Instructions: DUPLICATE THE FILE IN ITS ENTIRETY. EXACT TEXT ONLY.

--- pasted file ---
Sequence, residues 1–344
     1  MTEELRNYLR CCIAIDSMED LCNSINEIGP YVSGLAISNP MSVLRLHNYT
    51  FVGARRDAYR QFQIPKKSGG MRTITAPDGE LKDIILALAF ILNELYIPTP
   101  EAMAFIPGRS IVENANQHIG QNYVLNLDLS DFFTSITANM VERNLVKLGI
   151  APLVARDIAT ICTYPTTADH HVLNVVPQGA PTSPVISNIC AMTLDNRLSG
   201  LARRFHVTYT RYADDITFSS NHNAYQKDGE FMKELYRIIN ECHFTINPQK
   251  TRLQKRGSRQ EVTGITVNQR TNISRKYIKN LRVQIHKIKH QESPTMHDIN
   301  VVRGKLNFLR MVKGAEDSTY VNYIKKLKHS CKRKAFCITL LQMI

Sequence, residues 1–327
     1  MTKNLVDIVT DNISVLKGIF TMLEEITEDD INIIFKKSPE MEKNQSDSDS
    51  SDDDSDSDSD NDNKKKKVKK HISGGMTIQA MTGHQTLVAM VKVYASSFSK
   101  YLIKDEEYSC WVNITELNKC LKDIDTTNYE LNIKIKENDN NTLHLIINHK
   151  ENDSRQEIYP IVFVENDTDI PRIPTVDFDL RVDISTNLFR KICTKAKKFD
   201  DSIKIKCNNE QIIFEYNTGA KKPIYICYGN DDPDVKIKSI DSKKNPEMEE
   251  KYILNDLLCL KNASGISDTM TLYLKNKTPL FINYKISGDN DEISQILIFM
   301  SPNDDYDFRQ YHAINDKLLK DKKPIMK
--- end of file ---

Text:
Sequence, residues 1–344
     1  MTEELRNYLR CCIAIDSMED LCNSINEIGP YVSGLAISNP MSVLRLHNYT
    51  FVGARRDAYR QFQIPKKSGG MRTITAPDGE LKDIILALAF ILNELYIPTP
   101  EAMAFIPGRS IVENANQHIG QNYVLNLDLS DFFTSITANM VERNLVKLGI
   151  APLVARDIAT ICTYPTTADH HVLNVVPQGA PTSPVISNIC AMTLDNRLSG
   201  LARRFHVTYT RYADDITFSS NHNAYQKDGE FMKELYRIIN ECHFTINPQK
   251  TRLQKRGSRQ EVTGITVNQR TNISRKYIKN LRVQIHKIKH QESPTMHDIN
   301  VVRGKLNFLR MVKGAEDSTY VNYIKKLKHS CKRKAFCITL LQMI

Sequence, residues 1–327
     1  MTKNLVDIVT DNISVLKGIF TMLEEITEDD INIIFKKSPE MEKNQSDSDS
    51  SDDDSDSDSD NDNKKKKVKK HISGGMTIQA MTGHQTLVAM VKVYASSFSK
   101  YLIKDEEYSC WVNITELNKC LKDIDTTNYE LNIKIKENDN NTLHLIINHK
   151  ENDSRQEIYP IVFVENDTDI PRIPTVDFDL RVDISTNLFR KICTKAKKFD
   201  DSIKIKCNNE QIIFEYNTGA KKPIYICYGN DDPDVKIKSI DSKKNPEMEE
   251  KYILNDLLCL KNASGISDTM TLYLKNKTPL FINYKISGDN DEISQILIFM
   301  SPNDDYDFRQ YHAINDKLLK DKKPIMK